A church in the Netherlands is holding an around-the-clock service that has lasted more than 800 hours to shield a family from deportation.
Under Dutch law, police officers are not permitted to enter a church while a religious service is taking place. So, for more than a month, hundreds of pastors and volunteers from across the country have been meeting to maintain the 24/7 service in support of an Armenian family whose asylum claim has been rejected.
Theo Hettema, chairman of the General Council of Protestant Ministers in the Netherlands, told CNN the service will continue "as long as it's necessary."
"We want to love God and our neighbor. And we thought that this was a clear opportunity to put the love for our neighbor into reality," he said.
The Tamrazyan family, including three children Hayarpi, Warduhi and Seyran, fled Armenia and have been living in the Netherlands since April 2010 while their claim for political asylum was being decided. But their case was rejected, and they've now been told to leave the country.
Hayarpi Tamrazyan, now aged 21, says she is "incredibly happy and grateful to all volunteers."
Since the service started, Hayarpi has been posting regular updates on Twitter, thanking people for taking part in the service.
The initial plan to thwart the deportation order was hatched in secret. Axel Wicke from the Bethal church and community center in The Hague, where the service is taking place, says only a handful of people knew about the idea beforehand so that the family - who are staying in church accommodation - wasn't put in danger.
"Back then there was no rota," he told CNN. "After the welcome service, I took over with a couple of parish members."
"I had copied and pasted the liturgies of the last 10 years into one huge document and we just sang and prayed through that, until other pastors were found and took over."
He says while the police are not waiting outside the church, the building is being monitored "more closely than usual".
'There is a solution'
The Tamrazyan family's only hope now is for government intervention.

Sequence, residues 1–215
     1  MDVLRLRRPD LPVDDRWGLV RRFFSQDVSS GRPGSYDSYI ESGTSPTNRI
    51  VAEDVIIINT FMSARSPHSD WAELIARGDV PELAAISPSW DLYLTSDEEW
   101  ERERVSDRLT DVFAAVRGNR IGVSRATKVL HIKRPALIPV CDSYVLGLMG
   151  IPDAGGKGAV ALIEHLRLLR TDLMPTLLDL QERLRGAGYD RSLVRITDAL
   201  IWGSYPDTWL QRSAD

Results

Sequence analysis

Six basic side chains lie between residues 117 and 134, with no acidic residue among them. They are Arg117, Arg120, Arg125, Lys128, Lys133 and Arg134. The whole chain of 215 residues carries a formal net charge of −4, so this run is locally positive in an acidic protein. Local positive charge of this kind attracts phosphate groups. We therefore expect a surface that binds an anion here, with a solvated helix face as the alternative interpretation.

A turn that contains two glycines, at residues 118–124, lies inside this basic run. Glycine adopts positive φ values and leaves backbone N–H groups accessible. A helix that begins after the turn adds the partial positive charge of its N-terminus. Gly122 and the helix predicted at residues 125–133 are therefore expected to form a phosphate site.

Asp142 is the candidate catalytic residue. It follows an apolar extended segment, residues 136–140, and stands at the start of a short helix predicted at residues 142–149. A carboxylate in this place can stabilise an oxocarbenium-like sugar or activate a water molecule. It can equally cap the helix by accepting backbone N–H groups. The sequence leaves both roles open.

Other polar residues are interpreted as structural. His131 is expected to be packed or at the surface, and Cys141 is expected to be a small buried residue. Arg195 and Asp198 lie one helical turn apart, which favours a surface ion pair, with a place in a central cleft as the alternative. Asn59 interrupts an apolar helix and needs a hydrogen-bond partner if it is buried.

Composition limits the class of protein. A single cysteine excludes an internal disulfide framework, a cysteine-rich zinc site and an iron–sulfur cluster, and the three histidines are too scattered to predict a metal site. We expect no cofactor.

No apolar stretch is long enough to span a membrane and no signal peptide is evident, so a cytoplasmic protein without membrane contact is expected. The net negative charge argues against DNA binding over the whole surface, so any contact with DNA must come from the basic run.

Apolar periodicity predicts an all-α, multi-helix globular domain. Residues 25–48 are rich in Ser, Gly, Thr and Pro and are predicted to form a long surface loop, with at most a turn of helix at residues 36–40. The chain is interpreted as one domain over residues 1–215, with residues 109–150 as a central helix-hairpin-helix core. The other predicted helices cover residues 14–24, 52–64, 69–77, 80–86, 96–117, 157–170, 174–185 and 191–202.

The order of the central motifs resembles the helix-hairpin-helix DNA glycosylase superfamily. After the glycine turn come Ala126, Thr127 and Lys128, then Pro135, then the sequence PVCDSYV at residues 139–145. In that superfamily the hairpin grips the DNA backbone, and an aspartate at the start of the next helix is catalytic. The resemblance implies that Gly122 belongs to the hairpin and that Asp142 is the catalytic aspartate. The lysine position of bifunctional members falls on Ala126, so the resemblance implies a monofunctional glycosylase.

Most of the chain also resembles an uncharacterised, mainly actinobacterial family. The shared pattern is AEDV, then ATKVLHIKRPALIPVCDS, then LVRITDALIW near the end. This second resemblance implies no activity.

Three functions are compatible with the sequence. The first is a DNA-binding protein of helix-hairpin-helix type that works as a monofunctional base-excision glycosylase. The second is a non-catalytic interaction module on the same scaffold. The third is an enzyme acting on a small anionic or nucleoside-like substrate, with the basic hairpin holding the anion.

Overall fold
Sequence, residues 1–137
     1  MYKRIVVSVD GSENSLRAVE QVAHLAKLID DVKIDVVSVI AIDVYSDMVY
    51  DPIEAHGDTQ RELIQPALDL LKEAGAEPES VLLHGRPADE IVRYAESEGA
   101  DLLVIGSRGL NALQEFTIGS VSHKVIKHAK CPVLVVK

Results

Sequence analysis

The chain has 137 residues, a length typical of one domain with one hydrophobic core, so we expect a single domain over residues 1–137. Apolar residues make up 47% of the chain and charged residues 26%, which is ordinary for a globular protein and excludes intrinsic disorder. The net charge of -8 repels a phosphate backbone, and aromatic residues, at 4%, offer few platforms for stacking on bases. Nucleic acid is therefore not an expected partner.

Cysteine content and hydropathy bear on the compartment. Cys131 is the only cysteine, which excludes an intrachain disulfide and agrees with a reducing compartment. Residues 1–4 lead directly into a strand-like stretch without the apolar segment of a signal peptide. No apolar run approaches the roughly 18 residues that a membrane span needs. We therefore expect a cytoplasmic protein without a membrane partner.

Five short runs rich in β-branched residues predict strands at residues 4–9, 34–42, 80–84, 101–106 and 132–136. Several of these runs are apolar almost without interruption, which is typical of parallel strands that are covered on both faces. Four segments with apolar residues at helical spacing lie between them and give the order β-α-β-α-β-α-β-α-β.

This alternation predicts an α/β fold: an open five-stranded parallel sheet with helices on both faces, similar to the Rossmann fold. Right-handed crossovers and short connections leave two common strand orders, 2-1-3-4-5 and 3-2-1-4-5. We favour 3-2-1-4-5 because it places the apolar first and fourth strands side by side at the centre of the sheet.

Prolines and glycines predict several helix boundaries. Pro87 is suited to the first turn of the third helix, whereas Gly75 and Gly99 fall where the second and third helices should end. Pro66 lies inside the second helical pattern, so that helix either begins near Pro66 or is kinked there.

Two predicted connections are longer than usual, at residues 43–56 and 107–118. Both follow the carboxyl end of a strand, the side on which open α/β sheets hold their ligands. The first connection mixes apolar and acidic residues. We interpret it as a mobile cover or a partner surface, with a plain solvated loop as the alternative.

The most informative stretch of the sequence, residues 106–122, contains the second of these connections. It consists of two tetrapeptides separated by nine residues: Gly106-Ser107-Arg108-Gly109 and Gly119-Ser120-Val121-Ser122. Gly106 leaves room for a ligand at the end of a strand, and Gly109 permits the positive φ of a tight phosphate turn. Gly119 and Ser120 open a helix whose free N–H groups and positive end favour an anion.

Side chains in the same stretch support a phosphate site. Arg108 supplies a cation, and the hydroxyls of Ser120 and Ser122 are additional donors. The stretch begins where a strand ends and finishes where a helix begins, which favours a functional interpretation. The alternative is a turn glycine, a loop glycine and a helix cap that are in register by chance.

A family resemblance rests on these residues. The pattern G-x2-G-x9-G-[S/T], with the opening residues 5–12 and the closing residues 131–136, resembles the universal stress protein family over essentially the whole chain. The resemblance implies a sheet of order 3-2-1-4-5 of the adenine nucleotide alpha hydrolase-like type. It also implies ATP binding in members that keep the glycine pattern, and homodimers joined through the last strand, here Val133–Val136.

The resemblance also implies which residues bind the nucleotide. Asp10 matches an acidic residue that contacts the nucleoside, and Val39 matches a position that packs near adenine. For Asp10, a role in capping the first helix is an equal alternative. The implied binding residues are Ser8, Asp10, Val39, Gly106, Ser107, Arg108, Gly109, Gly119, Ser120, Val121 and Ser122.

Under Dutch law, there is a provision for a so-called children's pardon for those who have been living in the Netherlands for more than five years. However, Martine Goeman, who is a legal adviser at Defense for Children in the Netherlands, says most applications are declined.
She says there are about 400 children who are in a similar situation to the Tamrazyans, although it's hard to get exact numbers from the government.
"There is a lot of scientific research done which shows that after 5 years, a child cannot be deported without significant damage to their development" she told CNN by phone.
She described the 24/7 service at Bethel church as "quite powerful" adding that it points to a groundswell in community support for children in similar situations.
"It's not only the church -- it's also the broader community," she said.
"The Minister for Migration could solve (the situation) in one day -- by using his discretionary powers. There is a solution."
In a statement to CNN, a spokesman for Dutch migration minister Mark Harbers declined to comment on the Tamrazyan's case.
He said the minister can intervene in cases involving "very specific, exceptional and urgent circumstances".
However, he added: "Factors such as a long period of residence in the Netherlands and enrollment in education in the Netherlands are not sufficiently exceptional circumstances."
Theo Hettema says there are "behind-the-scenes" talks ongoing with the government about the case, which he declined to discuss in public for fear of jeopardizing the process.
Until then, the service continues.
Reverend Joost Roselaers, who's one of the pastors taking part in leading the service, says taking care of refugees is a very clear part of his Christian faith.
"How long it will take? Well, only God knows. Let's hope before Christmas," he said. "It would be a very nice time for the Government to change its mind. But we will go on and on until it's clear that this family can stay."